Healing through Embodiment

This week I want to talk about something vulnerable for me:  disordered eating and healing through embodiment practices.

The topic can be a little touchy for some folks so if that’s you, feel free to skip this one.

We won’t be talking about food or eating in class this week (it’s outside of my scope as a yoga teacher), but this newsletter topic is inspired by an upcoming conversation my dietician friend Mayuko Okai and I will be having on Instagram Live on Thursday, June 17, 2021 at 4p Pacific. Tune in live or catch the replay if it’s something you’re interested in. You can find Mayuko’s Instagram here. 

Read on for a story about my history with food, working out, and healing through embodiment practices. 

Disordered Eating and Healing Through Embodiment Practices

The Beginning

When I was about 16 to 18 years old I had a pretty extreme interest in being “skinny.” I would pull on my low rise jeans and grab at my love handles with the idea that if I just cut calories and worked out enough I could get rid of them. I was proud of myself if I managed to eat a few bites of food during the day and a lean cuisine after school. By dinnertime I was so hungry it was hard to avoid what my parents plated up, but I considered it success when I kept my serving small and controlled. I hated running but forced myself to do it in the Texas heat. I figured if I could burn more calories than I consumed then I was okay. It was an obsession to me, but to people on the outside my behavior might have looked like health. In hindsight, it was my attempt to control the emotional rollercoaster of adolescence.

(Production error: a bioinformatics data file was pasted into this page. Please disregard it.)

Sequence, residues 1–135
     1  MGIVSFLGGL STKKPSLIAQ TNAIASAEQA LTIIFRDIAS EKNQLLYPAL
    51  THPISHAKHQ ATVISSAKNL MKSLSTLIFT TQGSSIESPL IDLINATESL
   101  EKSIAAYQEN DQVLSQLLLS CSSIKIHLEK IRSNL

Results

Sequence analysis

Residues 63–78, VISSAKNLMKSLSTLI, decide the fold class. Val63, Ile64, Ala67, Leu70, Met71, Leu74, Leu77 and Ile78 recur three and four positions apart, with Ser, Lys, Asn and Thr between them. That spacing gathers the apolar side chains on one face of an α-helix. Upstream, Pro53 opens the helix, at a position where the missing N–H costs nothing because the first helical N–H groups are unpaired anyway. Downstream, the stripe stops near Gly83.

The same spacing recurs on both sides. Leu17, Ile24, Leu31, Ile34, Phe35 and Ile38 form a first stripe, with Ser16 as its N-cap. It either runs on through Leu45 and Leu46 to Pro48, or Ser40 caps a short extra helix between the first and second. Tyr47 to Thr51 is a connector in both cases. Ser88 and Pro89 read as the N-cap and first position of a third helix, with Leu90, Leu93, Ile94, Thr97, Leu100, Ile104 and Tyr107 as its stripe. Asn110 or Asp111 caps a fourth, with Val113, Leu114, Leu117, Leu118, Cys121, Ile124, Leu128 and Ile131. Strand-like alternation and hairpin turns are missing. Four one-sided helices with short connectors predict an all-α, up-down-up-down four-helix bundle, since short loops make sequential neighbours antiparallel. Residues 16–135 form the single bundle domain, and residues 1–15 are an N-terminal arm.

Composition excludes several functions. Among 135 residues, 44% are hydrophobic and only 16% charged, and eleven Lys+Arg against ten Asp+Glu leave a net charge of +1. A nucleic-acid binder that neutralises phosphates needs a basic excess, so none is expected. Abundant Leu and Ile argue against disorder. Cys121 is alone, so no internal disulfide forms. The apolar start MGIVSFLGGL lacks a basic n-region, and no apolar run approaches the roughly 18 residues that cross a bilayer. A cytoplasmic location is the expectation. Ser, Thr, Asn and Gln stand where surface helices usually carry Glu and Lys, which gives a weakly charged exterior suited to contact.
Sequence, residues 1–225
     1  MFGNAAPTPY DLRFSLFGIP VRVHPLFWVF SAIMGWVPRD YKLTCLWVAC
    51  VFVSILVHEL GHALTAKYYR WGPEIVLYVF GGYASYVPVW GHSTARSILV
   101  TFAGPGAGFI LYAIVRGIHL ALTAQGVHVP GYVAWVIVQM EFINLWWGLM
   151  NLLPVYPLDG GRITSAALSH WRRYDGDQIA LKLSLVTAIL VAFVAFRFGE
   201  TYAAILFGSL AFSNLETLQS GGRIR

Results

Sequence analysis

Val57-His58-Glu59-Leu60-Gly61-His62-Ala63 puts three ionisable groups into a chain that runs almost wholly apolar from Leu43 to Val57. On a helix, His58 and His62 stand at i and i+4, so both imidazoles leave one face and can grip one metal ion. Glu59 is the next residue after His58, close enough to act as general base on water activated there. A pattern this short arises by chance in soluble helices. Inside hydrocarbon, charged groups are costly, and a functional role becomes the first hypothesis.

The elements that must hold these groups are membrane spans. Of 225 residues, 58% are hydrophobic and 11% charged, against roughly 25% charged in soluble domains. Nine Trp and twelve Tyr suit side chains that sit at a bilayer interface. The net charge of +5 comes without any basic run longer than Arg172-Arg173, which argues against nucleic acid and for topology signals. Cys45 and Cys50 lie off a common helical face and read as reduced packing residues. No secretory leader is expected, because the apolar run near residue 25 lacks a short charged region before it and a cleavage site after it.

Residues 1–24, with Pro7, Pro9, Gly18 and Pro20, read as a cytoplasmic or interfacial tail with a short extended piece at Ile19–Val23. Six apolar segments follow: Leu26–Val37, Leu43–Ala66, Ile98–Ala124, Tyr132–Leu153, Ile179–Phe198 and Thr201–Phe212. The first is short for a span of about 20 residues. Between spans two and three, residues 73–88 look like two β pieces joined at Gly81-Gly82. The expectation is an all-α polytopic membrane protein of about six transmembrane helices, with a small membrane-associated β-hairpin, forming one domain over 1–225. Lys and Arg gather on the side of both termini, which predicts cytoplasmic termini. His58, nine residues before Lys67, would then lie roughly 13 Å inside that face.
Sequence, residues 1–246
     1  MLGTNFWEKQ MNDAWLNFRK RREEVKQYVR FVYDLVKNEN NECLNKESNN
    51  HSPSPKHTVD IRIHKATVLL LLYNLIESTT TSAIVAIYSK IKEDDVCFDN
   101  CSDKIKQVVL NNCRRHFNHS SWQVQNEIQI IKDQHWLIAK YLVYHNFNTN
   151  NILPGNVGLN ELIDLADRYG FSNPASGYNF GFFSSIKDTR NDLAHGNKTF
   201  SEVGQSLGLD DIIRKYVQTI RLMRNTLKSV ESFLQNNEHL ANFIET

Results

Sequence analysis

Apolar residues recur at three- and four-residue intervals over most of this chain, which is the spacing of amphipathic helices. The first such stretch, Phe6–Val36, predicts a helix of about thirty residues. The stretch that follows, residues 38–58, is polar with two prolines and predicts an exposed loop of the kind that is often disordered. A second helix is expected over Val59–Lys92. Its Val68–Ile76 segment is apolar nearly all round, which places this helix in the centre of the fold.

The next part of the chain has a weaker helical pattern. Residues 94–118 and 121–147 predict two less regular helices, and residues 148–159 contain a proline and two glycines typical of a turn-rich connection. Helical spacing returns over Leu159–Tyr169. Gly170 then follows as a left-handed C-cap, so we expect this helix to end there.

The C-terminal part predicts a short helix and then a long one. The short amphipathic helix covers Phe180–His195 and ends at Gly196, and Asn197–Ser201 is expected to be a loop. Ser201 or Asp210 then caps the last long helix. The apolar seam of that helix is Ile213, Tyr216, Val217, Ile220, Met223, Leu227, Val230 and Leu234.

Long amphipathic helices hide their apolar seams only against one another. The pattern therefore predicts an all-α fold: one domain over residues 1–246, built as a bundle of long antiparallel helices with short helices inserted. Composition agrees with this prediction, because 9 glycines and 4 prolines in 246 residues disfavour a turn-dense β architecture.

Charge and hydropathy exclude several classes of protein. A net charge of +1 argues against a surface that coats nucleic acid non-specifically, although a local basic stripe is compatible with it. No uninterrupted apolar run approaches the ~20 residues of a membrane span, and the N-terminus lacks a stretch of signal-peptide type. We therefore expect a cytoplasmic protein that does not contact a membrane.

College Years and Diet Pills

My freshman year in college I had a friend who, like me, had a “skinny” hobby. She told me about diet pills and I asked her if she could get me some. At the time I had no idea that the ephedra I was taking had an effect like speed on my body. To be honest, I didn’t notice a difference, but wow was I wired that year! My parents once visited and asked if I was on something. I said no, not because I was lying but because I didn’t know that I was!  

I was in the college rec center down the street from my dorm every day using machines that told me how many calories I was burning. I remember getting a cold and asking someone if it was okay to work out when I was sick. They said it probably was, so I didn’t take a break. It was like a compulsion, I had to burn the calories. 

What Calculus has to do with Anything

During this same time I was taking calculus and having the absolute most difficult time I’ve ever had in school. I was taking catch up classes, in mentor and tutoring sessions multiple times a week, and spending hours every day struggling through my homework. It was this anxiety (and probably the pounding heart that the diet pills gave me) that led me to the free mental health care at the student services building. I thought I was going in to talk about the stress of college. Not knowing anything was wrong with my eating and working out behavior and having nothing to hide, I answered all the therapist’s questions honestly. I was taking this big yellow diet pill. Working out every day no matter what. Calling it a “good day” when I eat one low cal tortilla with a one piece of turkey on it for lunch. She sent me home with a book called Intuitive Eating.
I only read the first chapter, if even that. But in those few pages I found one exercise that went like this: Throughout the day as often as you think about it, rank your level of hunger from 1 to 10.